Missing Plane MH370: Malaysian Prime Minister Speaks to Tony Abbot

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Missing Plane MH370 Update – Malaysian Prime Minister Speaks to Tony Abbot
Maritime Warfare Officer, Sub Lieutenant Officer Samuel Archibald, looks through binoculars on the bridge of the Australian Navy ship HMAS Perth in the southern Indian Ocean, during the search for the missing Malaysian Airlines flight MH370, in this picture released by the Australian Defence Force on April 8, 2014. REUTERS/Australian Defence Force/Handout Reuters

With the recent reports suggesting that the underwater signals that the search teams received may in fact be of the missing plane MH370, Malaysian Prime Minister Najib Razak spoke with Prime Minister Tony Abbot and got an update.

The Joint Agency Coordination Centre has reported that two signals have been detected 1,650 kilometers northwest of Perth, Australia. The finding of the signal has given a strong sense of hope for the missing plane MH370.

The first signal, detected by the Australian Ocean Shield, held for about 2 hours and 20 minutes. The Chinese ship Haixun 01 has also reportedly detected similar signals. Malaysia has been cautious about the news and has requested people to wait for the authorities to further verify these reports.

The rescue team is expected to launch an unmanned autonomous mini-submarine to investigate further in the region where the signals were picked up. The Bluefin-21 autonomous submarine may be used to map the ocean floor in the region and look for debris of the missing Malaysian plane MH370.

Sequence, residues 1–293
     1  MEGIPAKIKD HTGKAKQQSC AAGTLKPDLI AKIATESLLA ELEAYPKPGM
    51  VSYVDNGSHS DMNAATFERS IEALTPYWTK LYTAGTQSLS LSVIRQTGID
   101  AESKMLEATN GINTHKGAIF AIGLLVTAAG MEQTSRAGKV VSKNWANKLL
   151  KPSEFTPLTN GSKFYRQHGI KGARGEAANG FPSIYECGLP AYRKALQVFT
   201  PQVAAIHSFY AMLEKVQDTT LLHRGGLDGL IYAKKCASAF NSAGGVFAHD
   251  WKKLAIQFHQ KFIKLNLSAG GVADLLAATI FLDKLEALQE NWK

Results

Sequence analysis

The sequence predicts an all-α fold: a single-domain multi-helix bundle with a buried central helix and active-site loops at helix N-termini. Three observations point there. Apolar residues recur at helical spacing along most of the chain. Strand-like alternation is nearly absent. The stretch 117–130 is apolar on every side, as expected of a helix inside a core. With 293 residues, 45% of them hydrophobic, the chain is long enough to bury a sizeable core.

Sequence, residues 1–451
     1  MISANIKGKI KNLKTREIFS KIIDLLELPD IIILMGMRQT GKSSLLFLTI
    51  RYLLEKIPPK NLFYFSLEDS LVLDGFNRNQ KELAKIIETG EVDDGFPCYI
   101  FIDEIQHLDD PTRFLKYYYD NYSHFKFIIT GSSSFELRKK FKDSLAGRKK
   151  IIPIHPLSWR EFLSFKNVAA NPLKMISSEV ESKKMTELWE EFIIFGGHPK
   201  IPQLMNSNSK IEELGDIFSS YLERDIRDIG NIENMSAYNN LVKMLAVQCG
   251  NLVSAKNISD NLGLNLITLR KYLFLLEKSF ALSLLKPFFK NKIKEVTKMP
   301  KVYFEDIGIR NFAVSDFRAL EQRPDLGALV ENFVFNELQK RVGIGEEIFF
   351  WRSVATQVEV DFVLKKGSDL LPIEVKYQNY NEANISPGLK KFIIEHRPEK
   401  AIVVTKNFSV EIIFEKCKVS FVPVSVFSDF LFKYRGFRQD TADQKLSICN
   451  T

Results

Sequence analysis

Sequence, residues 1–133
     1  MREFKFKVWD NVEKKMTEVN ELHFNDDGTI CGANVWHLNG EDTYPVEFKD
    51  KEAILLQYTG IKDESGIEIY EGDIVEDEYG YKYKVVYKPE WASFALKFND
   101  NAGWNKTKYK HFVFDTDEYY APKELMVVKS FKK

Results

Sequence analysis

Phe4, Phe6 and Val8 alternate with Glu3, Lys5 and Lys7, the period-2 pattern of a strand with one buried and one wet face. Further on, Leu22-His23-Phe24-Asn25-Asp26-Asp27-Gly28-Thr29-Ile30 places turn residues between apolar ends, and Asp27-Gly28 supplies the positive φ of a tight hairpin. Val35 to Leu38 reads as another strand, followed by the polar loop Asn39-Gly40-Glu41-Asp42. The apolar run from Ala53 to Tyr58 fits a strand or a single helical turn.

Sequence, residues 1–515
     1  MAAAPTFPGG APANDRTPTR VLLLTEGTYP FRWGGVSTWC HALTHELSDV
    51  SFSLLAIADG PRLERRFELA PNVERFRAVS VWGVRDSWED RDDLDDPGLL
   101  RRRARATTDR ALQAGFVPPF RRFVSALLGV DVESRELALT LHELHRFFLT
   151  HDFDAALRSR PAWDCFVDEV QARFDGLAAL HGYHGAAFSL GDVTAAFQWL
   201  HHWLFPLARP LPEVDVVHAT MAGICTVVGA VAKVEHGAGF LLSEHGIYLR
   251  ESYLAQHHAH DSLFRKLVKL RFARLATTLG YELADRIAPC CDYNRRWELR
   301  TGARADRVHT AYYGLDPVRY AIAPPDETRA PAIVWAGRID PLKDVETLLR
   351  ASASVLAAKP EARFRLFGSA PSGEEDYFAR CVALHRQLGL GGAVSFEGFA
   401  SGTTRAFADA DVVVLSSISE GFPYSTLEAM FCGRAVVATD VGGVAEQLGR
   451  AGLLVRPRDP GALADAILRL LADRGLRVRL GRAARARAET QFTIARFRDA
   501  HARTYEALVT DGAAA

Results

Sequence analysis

The Bluefin-21 is an underwater autonomous vehicle which can carry multiple sensors. The mini-submarine is used for offshore survey and search and salvage operations among other applications.

The Blufin-21 can dive to depths of up to 14,765 feet or 4,500 meters. It can be operated for up to 25 hours at the speed of 3 knots with standard payload. It uses sonar scanners and multi beam echosounder to map the ocean floor.

It has been over 31 days since the Malaysian plane MH370 went missing and the chances of finding survivors is getting slimmer with every passing day. But many people are still hopeful and join in prayer to offer their support.

The Malaysian government has established three ministerial committees to handle different roles during the ongoing search and rescue operation. The Next of Kin committee, led by Hamzah Zainuddin, Deputy Minister of Foreign Affairs, The Technical committee, led by Abdul Aziz Kaprawi, Deputy Minister of Transport and The Deployment of Assets committee, led by Abdul Rahim Bakri, Deputy Minister of Defense.

Although the underwater signals give new hope to finding the missing Malaysian plane MH370 the difficulties involved in the search may prove to be a challenge and it may still take some time before the plane is found.

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